Keeping medications cool
Updated: Aug 4, 2019
Article by Buddy and Mary Lucore
Whether you are traveling to Disney World with medications that need to be kept refrigerated, or just visiting a park or resort for a day with medication that must be kept cool when it’s 97 degrees outside, sometimes we need to find a way to manage our meds in the parks. This article aims to help you find a way to enjoy the magic and not let worry about medications control your vacation.
I am writing this article from the perspective of someone who uses insulin, but it can also apply to anyone whose medications need to be kept under a certain temperature on their vacation, or who has to carry medication with them during the day (perhaps to take it at set time) and don’t want to stay in the AC hotel all day.
In the parks
First Aid in all four parks has medicine fridges, and they will be happy to store medication for you.
My Disney Experience shows the exact location of First Aid in each park, under the Guest Services tab. They are in the same location at the Baby Care Centers, and are well sign-posted within the parks.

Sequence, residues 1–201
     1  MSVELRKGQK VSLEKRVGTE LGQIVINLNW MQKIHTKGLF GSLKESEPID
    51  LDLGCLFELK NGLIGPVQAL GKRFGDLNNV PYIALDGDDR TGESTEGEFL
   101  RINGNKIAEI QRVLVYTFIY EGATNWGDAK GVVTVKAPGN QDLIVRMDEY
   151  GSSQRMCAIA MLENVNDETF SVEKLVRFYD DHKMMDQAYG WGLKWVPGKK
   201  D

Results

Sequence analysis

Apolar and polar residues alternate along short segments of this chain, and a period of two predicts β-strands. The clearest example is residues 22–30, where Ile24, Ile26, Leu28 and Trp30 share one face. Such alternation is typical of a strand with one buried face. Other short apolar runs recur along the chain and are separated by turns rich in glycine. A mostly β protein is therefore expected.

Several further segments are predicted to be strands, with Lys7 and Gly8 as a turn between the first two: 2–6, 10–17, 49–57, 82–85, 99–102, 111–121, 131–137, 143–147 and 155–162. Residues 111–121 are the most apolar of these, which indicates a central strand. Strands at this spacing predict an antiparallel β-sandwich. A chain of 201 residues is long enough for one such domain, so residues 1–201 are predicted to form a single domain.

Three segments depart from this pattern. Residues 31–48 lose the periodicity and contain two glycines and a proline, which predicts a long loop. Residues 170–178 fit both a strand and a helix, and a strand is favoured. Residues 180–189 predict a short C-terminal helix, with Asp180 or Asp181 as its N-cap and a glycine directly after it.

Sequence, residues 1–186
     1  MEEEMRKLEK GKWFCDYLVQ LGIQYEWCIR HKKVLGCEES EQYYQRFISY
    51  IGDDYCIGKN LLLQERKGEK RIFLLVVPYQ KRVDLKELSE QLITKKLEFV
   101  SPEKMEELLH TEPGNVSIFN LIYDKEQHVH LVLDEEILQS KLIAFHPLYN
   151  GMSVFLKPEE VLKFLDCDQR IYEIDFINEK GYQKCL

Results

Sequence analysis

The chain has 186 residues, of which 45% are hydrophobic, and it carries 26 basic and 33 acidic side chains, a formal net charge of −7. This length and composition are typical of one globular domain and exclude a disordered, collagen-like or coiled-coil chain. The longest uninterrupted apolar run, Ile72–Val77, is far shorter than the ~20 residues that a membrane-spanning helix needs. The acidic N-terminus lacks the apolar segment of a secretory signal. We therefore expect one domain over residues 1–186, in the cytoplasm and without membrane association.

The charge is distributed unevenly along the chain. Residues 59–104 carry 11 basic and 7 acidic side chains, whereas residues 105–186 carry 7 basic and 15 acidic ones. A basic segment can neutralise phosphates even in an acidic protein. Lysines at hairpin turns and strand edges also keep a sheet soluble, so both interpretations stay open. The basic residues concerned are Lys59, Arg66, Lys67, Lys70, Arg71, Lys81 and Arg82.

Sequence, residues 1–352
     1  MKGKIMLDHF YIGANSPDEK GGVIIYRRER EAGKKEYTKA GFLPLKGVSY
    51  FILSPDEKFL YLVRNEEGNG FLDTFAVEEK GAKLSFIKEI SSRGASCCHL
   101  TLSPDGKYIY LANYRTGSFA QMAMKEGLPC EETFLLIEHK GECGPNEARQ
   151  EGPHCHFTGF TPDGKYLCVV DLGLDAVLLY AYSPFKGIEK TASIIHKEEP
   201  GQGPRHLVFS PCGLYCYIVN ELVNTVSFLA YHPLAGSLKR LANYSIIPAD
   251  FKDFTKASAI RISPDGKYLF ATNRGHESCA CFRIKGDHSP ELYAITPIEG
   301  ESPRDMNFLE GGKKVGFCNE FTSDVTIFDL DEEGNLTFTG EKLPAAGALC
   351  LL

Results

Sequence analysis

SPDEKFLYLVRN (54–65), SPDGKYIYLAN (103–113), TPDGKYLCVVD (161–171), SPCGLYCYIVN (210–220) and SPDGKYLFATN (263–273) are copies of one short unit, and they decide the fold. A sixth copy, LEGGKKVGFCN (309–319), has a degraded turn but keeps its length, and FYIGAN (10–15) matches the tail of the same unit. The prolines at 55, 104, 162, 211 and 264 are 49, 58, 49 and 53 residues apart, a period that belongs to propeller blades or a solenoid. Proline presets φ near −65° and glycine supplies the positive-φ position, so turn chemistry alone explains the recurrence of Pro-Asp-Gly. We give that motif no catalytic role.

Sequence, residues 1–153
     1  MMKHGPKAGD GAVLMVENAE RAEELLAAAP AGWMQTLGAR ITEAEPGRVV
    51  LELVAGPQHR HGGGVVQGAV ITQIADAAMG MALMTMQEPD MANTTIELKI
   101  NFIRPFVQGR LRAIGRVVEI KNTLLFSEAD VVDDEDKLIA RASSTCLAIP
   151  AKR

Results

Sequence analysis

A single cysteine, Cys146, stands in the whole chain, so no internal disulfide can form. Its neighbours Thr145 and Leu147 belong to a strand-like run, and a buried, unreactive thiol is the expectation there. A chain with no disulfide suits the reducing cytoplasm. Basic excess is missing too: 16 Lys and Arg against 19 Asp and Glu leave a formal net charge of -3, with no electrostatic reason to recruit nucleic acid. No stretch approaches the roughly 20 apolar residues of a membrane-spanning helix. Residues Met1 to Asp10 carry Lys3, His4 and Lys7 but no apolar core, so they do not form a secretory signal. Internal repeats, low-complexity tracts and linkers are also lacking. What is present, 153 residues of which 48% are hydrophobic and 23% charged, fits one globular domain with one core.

Magic Kingdom - on the left side of the Hub as you face Cinderella Castle, next to Crystal Palace;
Epcot - in the Odyssey Center, between Test Track and the Mexico pavilion;
Hollywood Studios - just inside the park on the left, next to Guest Services;
Animal Kingdom - on the left side of Discovery Island as you face the Tree of Life, next to Creature Comforts and just before the bridge into Africa.
First Aid is also a good alternative to the bathroom if you need to do injections.
All the Disney hotels have a medicine fridge in Bell Services. If you arrive before your room is ready, they will store your meds that need to be refrigerated. You should put them in a bag and include your name, cell phone number, and reservation number on the front.
All Walt Disney World Resort hotels have small refrigerators in the rooms.
When we are driving, we bring a small cooler that plugs into the car’s cigarette lighter and keeps my insulin cool for the 18 hour drive.
Now that we are flying, we use an insulin cooling case with cool packs. The cooling case has an inner bag
that you soak, and then you put into the outer bag. As it evaporates, it cools what’s inside. I have found this a great way to have ready access to my medication in the parks too.
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